USA Fights Chamber|Over Financial Advisers

     DALLAS (CN) — A new rule imposing fiduciary duties on financial advisers closes loopholes for conflicts of interest and will save retirement investors up to $404 billion in the next 20 years, the Department of Labor told a federal judge.
     The Department of Labor on Friday asked U.S. District Judge Barbara M.G. Lynn to toss a lawsuit filed in June by the Chamber of Commerce’s national and Texas branches. The chamber claims the 1,023-page rule exceeds the Labor Department’s authority and will hurt retirement savers.
     Announced in April, the rule imposes fiduciary duties on brokers and registered investment advisers for people who have individual retirement accounts and 401(k) plans.
     The chamber claims the higher costs and liability will force advisers to stop serving such plans for small businesses.
     Several insurance groups that sell annuities filed their own lawsuit against the Labor Department a week later, claiming the rule infringes on “protected commercial speech.”
     The Department of Labor says it merely executed its “broad authority” under the Employee Retirement Income Security Act. It says that under previous regulations, loopholes allowed those “acting like fiduciaries to disclaim fiduciary status” and dodge the responsibilities and restrictions that come with such status.
     “DOL sought to mitigate the inherent conflicts of such transactions by conditioning these exemptions on safeguards so that they would nevertheless be in the interest, and protect the rights, of retirement investors, as statutorily required,” the government says in its 130-page memorandum in support of a cross-motion for summary judgment, filed Friday.
     “In these cases, three sets of plaintiffs challenge the rulemaking, but the bases of their challenge are inapposite legal authority and mischaracterizations of the rulemaking. For instance, plaintiffs would have the court disregard the functional test Congress adopted to determine fiduciary status and supplant it with a standard purportedly based on the common law of trusts, despite Congress’ express departure from the common law. Similarly, plaintiffs urge the court to rely on the distinctions and approach taken in securities laws, rather than look to ERISA. But it is ERISA, not the common law of trusts or securities laws, that is the source of the rulemaking at issue.”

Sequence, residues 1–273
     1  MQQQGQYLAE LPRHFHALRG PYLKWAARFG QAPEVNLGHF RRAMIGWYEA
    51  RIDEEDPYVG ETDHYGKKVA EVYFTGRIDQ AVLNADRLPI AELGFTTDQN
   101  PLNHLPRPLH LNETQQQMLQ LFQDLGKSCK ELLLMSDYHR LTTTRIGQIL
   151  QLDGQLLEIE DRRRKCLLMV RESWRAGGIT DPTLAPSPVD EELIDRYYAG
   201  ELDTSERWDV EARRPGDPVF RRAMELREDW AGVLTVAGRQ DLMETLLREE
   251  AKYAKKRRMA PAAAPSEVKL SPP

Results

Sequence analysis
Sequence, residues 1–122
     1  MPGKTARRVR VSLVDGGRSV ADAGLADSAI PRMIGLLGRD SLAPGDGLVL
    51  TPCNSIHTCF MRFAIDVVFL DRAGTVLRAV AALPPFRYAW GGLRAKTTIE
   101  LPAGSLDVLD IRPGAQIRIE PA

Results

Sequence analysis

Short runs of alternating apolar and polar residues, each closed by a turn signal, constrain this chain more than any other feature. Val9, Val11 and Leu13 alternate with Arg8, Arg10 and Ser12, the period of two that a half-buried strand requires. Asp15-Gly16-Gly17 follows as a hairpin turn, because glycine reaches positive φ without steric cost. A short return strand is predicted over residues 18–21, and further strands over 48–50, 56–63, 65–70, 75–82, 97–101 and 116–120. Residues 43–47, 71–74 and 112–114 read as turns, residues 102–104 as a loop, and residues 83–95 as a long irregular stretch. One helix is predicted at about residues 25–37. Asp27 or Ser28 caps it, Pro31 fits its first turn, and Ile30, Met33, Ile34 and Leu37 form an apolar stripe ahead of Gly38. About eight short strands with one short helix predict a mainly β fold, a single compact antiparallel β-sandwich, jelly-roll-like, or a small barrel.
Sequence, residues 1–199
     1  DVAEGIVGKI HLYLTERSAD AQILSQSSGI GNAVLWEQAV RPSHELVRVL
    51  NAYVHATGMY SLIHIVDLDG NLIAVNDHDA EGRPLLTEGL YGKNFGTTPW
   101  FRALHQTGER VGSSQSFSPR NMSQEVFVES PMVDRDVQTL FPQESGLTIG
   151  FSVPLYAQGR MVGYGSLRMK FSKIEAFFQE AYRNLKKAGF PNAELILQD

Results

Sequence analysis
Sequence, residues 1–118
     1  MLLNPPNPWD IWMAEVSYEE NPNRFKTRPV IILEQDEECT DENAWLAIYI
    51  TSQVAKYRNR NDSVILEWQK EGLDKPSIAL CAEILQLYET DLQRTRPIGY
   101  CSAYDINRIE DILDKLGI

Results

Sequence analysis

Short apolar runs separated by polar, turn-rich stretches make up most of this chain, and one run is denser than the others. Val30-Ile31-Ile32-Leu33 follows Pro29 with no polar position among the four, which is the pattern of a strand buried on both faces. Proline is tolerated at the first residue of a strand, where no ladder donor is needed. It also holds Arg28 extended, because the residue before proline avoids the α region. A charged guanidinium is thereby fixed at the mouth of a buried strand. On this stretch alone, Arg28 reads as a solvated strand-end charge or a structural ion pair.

The Department of Labor acknowledges that the changes will impose costs on advisers, but says they “will be significantly outweighed” by the “enormous benefit” to retirement investors.
     The Labor Department says the rule change is necessary because “(t)he paradigm has shifted with the rise in IRAs, created through ERISA in 1974,” which sent retirement savings into IRAs and 401(k)s rather than employer-based defined benefit plans.
     “As a result of this shift, plan participants are increasingly responsible for managing their own retirement assets,” the motion states. “Due in part to these shifts, as well as the application and manipulation of the 1975 regulation’s five-part test, much of the retirement investment advice given today is not protected by fiduciary duties and restrictions.”
     The Labor Department adds that pay arrangements in the industry have “created incentives” for financial advisers to recommend products that pay them more money rather than products that best serve their clients’ interests, creating a conflict of interest.
     “Product providers compensated entirely or primarily on a commission basis have a strong incentive to aggressively maximize sales, and when commissions vary depending on the product, the provider has a further incentive to recommend the product paying the highest commission,” the motion states.

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